Conceivably, if Sophos wanted to provide a "total security solution," given this new set of circumstances, wouldn't it need to understand some of PatchGuard's secrets? Surprisingly, O'Brien told us no. "At this point in time, Sophos does not see the need to be able to access the kernel within the Microsoft operating system," he said.

"If there is a point in time where the kernel becomes the subject of malware being written specifically to it, then I would expect that we would go back to Microsoft and tell them we need to be able to access the kernel. But at this point, it doesn't appear to be necessary."

Nothing about the way PatchGuard works, O'Brien reiterated, would hinder Sophos' architecture for an enterprise security suite. In fact, he argued, if Microsoft wants to use its own methods to close off the kernel, that's a good thing. There's no need for some other company, in the name of security, to pry it open again, just to see how the kernel can be pried open again, in order for it to devise a way to seal it closed.

As Scott Field wrote on his Microsoft blog, "We have also been asked to provide a supported way for 'known good' vendors to continue hooking the kernel but prevent others from doing so. Unfortunately, there is no reliable mechanism for us to distinguish between 'known good' software and malicious software. Moreover, we cannot prevent a malicious software author from 'bundling' purportedly good software in an attempt to thwart the system. Even if we could include such a mechanism, it's unclear if we could use this mechanism to selectively allow kernel hooking in a manner that provides an acceptable trade off between performance and reliability and security."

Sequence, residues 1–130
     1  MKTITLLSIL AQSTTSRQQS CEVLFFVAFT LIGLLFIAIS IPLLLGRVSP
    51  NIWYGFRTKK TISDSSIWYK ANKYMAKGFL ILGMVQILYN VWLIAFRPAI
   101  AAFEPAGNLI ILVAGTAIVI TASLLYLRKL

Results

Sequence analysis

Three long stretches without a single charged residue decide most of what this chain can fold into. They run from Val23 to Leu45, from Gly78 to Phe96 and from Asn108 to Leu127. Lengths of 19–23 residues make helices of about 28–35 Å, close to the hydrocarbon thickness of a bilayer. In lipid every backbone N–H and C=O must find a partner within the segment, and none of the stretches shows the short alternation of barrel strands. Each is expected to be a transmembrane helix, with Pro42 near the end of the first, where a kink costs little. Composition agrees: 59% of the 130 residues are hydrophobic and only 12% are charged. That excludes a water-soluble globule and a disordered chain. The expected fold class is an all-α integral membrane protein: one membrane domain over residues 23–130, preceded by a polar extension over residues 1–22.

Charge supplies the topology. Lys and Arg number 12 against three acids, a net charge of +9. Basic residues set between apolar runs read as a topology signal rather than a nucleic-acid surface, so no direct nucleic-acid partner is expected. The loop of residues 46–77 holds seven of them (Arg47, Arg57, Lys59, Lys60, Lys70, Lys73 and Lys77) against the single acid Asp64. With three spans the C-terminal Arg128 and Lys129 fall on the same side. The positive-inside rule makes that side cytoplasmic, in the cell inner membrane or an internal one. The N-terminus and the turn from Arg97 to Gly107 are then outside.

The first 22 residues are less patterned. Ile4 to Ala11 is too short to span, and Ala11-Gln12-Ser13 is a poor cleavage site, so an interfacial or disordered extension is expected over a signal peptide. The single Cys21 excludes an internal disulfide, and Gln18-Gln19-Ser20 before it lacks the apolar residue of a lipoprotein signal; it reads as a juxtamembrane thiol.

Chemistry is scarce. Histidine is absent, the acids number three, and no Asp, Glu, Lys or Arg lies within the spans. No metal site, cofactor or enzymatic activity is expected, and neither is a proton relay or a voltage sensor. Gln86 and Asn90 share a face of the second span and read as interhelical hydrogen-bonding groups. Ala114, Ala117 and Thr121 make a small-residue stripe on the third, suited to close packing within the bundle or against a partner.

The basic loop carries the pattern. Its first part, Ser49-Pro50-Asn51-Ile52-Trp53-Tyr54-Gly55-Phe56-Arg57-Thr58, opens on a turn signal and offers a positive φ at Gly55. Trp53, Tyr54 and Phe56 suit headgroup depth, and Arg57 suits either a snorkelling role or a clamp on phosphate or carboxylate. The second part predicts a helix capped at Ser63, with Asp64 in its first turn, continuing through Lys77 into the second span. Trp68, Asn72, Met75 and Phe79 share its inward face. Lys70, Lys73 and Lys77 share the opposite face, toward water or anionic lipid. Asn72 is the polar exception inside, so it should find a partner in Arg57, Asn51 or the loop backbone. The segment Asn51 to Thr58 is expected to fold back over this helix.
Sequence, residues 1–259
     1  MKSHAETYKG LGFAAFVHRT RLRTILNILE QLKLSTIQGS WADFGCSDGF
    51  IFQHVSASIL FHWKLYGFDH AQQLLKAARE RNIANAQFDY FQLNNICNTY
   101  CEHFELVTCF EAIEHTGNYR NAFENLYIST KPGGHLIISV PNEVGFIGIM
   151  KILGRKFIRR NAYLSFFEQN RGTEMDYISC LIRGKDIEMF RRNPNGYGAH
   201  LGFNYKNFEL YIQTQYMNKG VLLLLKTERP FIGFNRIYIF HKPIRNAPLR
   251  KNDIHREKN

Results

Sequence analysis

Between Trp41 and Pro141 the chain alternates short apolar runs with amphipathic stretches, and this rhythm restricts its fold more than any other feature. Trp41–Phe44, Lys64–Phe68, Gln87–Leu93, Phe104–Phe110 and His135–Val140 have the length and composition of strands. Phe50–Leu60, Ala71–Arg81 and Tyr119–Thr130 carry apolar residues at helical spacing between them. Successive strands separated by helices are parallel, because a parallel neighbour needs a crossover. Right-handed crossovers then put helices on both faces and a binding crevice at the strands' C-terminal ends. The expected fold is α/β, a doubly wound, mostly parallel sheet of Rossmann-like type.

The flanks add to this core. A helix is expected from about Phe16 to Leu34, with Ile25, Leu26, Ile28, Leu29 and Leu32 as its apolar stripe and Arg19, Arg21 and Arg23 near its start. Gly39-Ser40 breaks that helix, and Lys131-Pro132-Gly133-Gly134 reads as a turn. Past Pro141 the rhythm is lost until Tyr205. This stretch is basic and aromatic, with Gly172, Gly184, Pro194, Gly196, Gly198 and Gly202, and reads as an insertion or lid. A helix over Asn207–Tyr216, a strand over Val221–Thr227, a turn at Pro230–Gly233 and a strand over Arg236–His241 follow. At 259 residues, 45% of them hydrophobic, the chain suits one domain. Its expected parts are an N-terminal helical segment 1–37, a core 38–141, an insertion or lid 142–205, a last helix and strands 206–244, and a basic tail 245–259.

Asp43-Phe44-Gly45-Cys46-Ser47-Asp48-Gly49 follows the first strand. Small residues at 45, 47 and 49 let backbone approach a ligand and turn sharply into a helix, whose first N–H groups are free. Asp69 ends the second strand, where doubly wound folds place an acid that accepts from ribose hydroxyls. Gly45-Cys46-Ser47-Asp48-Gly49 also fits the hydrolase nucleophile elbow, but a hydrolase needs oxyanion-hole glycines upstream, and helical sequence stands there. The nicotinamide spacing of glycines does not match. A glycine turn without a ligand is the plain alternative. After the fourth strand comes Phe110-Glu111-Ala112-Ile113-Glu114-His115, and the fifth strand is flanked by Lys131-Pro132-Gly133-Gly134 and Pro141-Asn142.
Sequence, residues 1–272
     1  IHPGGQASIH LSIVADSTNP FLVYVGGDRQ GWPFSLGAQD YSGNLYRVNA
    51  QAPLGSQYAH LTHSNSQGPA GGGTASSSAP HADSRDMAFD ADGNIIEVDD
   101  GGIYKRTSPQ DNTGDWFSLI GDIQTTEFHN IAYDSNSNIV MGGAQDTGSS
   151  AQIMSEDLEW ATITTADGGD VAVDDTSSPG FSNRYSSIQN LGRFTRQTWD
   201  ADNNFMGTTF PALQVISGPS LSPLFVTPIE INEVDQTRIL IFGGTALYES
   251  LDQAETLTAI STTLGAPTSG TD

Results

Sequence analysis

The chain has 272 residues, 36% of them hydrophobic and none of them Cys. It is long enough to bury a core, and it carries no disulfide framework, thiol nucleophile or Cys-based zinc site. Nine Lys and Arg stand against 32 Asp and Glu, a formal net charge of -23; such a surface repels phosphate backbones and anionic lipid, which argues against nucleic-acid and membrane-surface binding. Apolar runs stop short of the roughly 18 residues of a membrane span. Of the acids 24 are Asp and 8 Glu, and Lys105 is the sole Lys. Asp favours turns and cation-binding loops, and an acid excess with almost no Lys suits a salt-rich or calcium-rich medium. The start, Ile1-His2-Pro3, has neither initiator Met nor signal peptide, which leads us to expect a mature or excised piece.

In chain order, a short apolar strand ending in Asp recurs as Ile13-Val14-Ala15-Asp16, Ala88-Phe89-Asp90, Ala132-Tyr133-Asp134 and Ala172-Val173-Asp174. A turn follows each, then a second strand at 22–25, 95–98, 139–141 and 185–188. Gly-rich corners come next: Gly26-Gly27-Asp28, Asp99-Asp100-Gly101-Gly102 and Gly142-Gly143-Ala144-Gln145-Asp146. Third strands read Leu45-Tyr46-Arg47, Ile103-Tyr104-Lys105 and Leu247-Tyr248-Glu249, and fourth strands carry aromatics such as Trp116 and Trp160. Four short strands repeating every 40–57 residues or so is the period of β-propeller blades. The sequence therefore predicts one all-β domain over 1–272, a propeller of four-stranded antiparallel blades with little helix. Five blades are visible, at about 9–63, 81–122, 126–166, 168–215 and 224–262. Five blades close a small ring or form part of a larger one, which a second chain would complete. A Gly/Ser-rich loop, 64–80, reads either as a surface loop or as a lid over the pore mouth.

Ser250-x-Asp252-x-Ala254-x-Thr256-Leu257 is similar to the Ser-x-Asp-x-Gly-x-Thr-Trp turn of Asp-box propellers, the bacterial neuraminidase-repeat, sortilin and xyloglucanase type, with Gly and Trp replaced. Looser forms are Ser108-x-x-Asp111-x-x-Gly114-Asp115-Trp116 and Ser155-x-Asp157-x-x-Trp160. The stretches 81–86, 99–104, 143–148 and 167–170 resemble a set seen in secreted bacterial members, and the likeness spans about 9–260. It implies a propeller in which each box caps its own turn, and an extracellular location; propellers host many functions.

"The impression that I have so far is that Microsoft is going to be offering a very basic level of protection," Sophos' O'Brien remarked. "In fact, PatchGuard is actually designed to prevent malware writers from being able to access the kernel... If there is a point in time in which the kernel and the accessibility to the kernel is compromised, then we would need to work with Microsoft to be able to access the kernel and correct whatever changes had been made by whatever malware was written to it."

Microsoft did not comment today on Symantec's recent round of complaints, and may be withholding comment until it learns what Symantec intends to do with the European Commission. But for now, at least its partners are helping to frame an affirmative defense for the company.

For years, security vendors have insisted that Microsoft do something to secure the kernel. Now that it looks like they may actually be doing that (putting aside all doubts, for the moment, with regard to how long it holds up), competitors are insisting that they be taught how Microsoft is doing it, the argument goes, so they can follow suit. But giving PatchGuard an "API," if you will, would be contrary to the purpose of the device itself - like attaching an entryway to a sarcophagus.

Sophos' Ron O'Brien was willing to concede the following: "Both Symantec and McAfee, frankly, have a very large consumer customer base, which would potentially be at risk if Microsoft were to enter that market. So I look at that as being a kind of extenuating circumstance."